If a nation is a group of people with a sense of kinship, a political identity and representative institutions, then the English have a claim to be the oldest nation in the world. They first came into existence as an idea, before they had a common ruler and before the country they lived in even had a name. They have lasted as a recognizable entity ever since, and their defining national institutions can be traced back to the earliest years of their history.
A masterclass on how to get started in the media. Chaired by BBC Arts correspondent Rebecca Jones. Panellists include Head of Digital Development for Arts, Peter Maniura; Susie Worster, Head of Talent for Shed Media; Sally Garwood, one of the apprentices on BBC Radio’s Journalism scheme, and Creative Access Production trainee Ashley Francis-Roy.
Not for broadcast.
Behind Daniel lie the mud, barbed-wire entanglements and terror of the trenches. Behind him is also the most intense relationship of his life. Set during and just after the First World War, The Lie is an enthralling, heart-wrenching novel of love, memory and devastating loss.
The novelist discusses his wartime childhood, his early married life and academic career, and the development of his fiction – all of which he explores in his memoir, which covers the years up to the publication of Changing Places.
Much like human families, tree parents live together with their children, communicate with them and support them as they grow, sharing nutrients with those who are sick or struggling and creating an ecosystem that mitigates the impact of extremes of heat and cold for the whole group. Trees in a family or community are protected and can live to be very old. In contrast, solitary trees, like street kids, have a tough time of it and in most cases die much earlier than those in a group. Wohlleben presents the science behind the secret and previously unknown life of trees and their communication abilities. Chaired by Georgina Godwin.
Gonzo Davies, back-row forward and builder, knows the highs and lows of life; but as political and industrial corruption conspire to give parochial violence a national and international dimension, is he prepared to become the target of dark forces? The bestselling author of The Greatest Welsh XV Ever, best known now as the BBC’s voice of international rugby, brings us his first novel and looks forward to this autumn's Rugby World Cup.
Nine-year-old Bruno knows nothing of the Final Solution and the Holocaust. He is oblivious to the appalling cruelties being inflicted on the people of Europe by his country. All he knows is that he has been moved from a comfortable home in Berlin to a house in a desolate area where there is nothing to do and no one to play with. Until he meets Shmuel, a boy who lives a strange parallel existence on the other side of the adjoining wire fence and who, like the other people there, wears a uniform of striped pyjamas.
Bruno’s friendship with Shmuel will take him from innocence to revelation. And in exploring what he is unwittingly a part of, he will inevitably become subsumed by the terrible process.
The author revisits his 2008 novel, which is now read around the world. His latest book Stay Where You Are and Then Leave is the moving story of a boy’s search for his missing father during the First World War.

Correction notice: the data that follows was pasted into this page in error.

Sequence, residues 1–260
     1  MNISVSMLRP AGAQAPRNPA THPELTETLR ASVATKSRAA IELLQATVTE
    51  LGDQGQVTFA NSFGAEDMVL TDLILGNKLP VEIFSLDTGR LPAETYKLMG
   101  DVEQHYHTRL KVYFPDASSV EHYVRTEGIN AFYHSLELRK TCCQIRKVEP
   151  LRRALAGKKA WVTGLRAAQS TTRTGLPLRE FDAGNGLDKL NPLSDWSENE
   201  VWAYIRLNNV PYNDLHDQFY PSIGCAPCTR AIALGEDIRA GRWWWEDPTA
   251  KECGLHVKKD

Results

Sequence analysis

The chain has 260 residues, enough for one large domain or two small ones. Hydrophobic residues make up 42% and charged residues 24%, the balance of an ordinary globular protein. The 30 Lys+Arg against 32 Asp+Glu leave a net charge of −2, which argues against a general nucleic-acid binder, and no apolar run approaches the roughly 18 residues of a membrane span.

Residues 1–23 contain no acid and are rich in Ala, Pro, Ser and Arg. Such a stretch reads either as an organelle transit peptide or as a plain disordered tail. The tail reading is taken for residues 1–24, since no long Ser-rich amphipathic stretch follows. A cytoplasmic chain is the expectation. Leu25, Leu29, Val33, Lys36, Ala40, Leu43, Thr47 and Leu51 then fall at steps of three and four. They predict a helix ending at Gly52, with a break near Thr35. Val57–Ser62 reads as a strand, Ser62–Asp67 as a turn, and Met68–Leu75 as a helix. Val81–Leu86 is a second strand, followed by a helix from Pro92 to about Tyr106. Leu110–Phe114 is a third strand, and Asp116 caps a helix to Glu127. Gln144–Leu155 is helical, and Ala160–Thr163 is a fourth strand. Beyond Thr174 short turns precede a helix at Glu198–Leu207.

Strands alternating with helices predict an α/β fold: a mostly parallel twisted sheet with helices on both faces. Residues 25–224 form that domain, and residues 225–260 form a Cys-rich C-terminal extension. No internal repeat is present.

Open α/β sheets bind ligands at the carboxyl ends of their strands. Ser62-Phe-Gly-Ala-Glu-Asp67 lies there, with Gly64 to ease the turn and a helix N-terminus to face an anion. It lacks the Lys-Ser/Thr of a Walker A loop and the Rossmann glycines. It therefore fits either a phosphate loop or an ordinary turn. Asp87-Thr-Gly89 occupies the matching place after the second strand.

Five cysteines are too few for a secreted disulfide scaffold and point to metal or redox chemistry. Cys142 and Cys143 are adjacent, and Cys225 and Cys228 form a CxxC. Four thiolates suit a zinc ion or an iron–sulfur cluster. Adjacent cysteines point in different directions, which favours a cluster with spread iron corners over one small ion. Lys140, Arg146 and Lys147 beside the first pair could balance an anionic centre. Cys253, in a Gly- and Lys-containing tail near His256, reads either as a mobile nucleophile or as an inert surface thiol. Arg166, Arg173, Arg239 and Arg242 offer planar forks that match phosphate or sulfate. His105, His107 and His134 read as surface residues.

The bestselling author of My Last Duchess introduces her new novel. In 1875 Sisi, the Empress of Austria, is the woman that every man desires and every woman envies. Beautiful, athletic and intelligent, Sisi has everything – except happiness. Bored with the stultifying etiquette of the Hapsburg Court and her dutiful but unexciting husband, Franz Joseph, Sisi comes to England to hunt. She comes looking for excitement and she finds it in the dashing form of Captain Bay Middleton, the only man in Europe who can outride her…
Dwan’s sensational performances of Beckett’s Not I and No’s Knife in London, on Broadway and around the world have perfectly captured the rhythms and beauty of his language. In this specially commissioned Poetry Hour she introduces and reads his poetry and drama.
How did the human mind – and the uniquely human ability to devise and transmit culture – evolve from its roots in animal behaviour? The truly unique characteristics of our species – such as our intelligence, language, teaching, and co-operation – are not adaptive responses to predators, disease or other external conditions. Rather, humans are creatures of their own making. The evolutionary biologist traces our rise from scavenger apes in pre-history to modern humans able to design iPhones, dance the tango and send astronauts into space.
The journalist and economics commentator examines the state of Britain today and looks forward to a Britain of tomorrow. Hutton argues that allowing the market to decide, irrespective of justice and equity, has led to a capitalism that extracts value rather than creates it – in turn leading to an unequal society organised for the benefit of the top 1%.
Hutton is author of many influential books including The State We’re In, The World We’re In and Them and Us: Changing Britain – Why We Need a Fair Society.
University of Worcester Series
The hyper-accelerated culture of the C21st presents many challenges for our mental and physical wellbeing. The consultant clinical psychologist explores positive strategies for handling life’s challenges, from taking care of your physical health to building strong relationships with those around you and developing coping strategies for negative moments.